[GRADLE-1749] Provide support for optional dependencies and reflect in generated Maven metadata Created: 15/Aug/11  Updated: 17/Nov/16  Resolved: 17/Nov/16

Status: Resolved
Project: Gradle
Affects Version/s: None
Fix Version/s: None

Type: Improvement
Reporter: Chris Beams Assignee: Unassigned
Resolution: Duplicate Votes: 57


Maven metadata allows for 'optional' dependencies, which is quite important for frameworks like Spring, where we must compile against certain artifacts, but use by end users is optional (i.e. if they don't use particular classes, they don't need the dependency).

Ivy allows for expressing this, Maven allows for expressing this.

What we need is something like:

    dependencies {
        compile "net.sourceforge.jopt-simple:joptsimple:3.0.0" {
            optional = true

And for that to be reflected in the generated pom.xml as:


See also: http://gradle.1045684.n5.nabble.com/Marking-Maven-Dependencies-as-optional-td1432582.html

Comment by Peter Niederwieser [ 15/Aug/11 ]

I agree that we should support this natively. Just wanted to throw in that

  • optional dependencies in a published POM are only meaningful for documentation purposes and have no effect on transitive dependency resolution (then again, removing a dependency from the generated POM isn't any simpler than making it optional)
  • it's fairly easy to cook up something on your own

See here for how I've solved the problem for the Spock project:

https://github.com/spockframework/spock/blob/groovy-1.7/gradle/publishMaven.gradle (provides an "optional" element)
https://github.com/spockframework/spock/blob/groovy-1.7/spock-core/build.gradle (consumes "optional")

Comment by Chris Beams [ 16/Aug/11 ]

Hi Peter,

Thanks for the response. To your first point, it's been my experience that optional dependencies do have a real effect on dependency resolution. For example, when managing a project through m2eclipse, or generating Eclipse metadata with `mvn eclipse:eclipse`, optional dependencies are not added to the project build path by default. So for example, if my project depends on spring-context jar and spring-context has an optional dependency on cglib, cglib will not be added to my project's classpath unless I explicitly express a dependency on it. This is exactly how we want things to work, as we try to minimize the number of dependencies a user is forced to deal with when using any of the Spring jars. From that point forward, you're quite right – the <dependency> declaration in the pom serves as documentation, as in "if you're going to use cglib, use this version"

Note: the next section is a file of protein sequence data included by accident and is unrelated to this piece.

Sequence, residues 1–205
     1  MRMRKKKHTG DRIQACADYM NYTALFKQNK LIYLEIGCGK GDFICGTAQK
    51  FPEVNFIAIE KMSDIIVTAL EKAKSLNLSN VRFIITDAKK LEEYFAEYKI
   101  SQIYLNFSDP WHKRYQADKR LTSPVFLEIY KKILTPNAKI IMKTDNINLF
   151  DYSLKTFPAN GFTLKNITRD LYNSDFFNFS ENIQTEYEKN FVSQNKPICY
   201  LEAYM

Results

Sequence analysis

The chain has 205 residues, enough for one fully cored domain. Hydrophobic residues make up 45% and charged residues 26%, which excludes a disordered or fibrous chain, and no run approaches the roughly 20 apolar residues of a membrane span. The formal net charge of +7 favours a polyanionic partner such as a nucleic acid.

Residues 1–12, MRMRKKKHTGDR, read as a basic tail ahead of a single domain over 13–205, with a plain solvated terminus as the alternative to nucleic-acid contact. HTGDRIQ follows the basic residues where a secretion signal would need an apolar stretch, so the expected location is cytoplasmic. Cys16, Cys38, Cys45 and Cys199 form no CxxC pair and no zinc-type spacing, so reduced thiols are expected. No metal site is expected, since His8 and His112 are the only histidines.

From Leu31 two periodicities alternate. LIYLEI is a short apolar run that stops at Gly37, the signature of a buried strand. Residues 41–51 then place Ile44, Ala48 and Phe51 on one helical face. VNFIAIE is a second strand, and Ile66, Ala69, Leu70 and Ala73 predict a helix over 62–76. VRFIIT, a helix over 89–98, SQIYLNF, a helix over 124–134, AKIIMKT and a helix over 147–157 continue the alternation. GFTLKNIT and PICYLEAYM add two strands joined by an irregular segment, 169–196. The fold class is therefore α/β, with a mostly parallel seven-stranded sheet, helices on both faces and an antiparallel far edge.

As for rolling our own support, we already do this as well, however I like your implementation better and will probably steal it in the meantime

In any case, first-class support would be appreciated, thanks!


Comment by Mathias Kalb [ 17/Aug/11 ]

Hi Peter,

the optional dependencies in a published POM/Ivy can also be meaningful for dependency resolution.

See http://issues.gradle.org/browse/GRADLE-1293


Comment by Kohsuke Kawaguchi [ 21/Dec/11 ]

I propose we solve this by making Dependency an ExtensionContainer. Here is why.

  • If I understand correctly, the notion of optional dependency is unique to Maven, and not present in Ivy. That is presumably why it's not available in the base Gradle. Making Dependency extensible allows plugins to define additional information on dependencies, like optional.
  • In a more complex project, marking dependencies with additional information is rather useful for packaging and so on. For example, in Jenkins, there's a dependency to a jar and then there's a dependency to a plugin, which creates a different result in packaging. Or imagine we have "recommended" dependency (that says people installing this plugin should also install others), "incompatible" dependency, or "supercedes" dependency.
  • In GlassFish, which I used to work on, we could have used the extensibility mechanism to distinguish public/private dependencies, which could have affected how OSGi manifest would look like.
Comment by Chris Pratt [ 22/Jun/14 ]

Has this ticket been addressed? As tools like IntelliJ Idea add support for Gradle, this is becoming more and more of a problem. Because tools can't specify optional dependencies, all dependencies of the project are added to the classpath creating a huge hairball of incompatible jar files leading to application failure. Is there any way to work around this lack of optional support? (not just the ability to keep it out of a generated Maven POM, but the ability for other tools that consume the gradle scripts to tell transitive dependencies from non-transitive dependencies in an included library)

Comment by Mauro Molinari [ 24/Nov/14 ]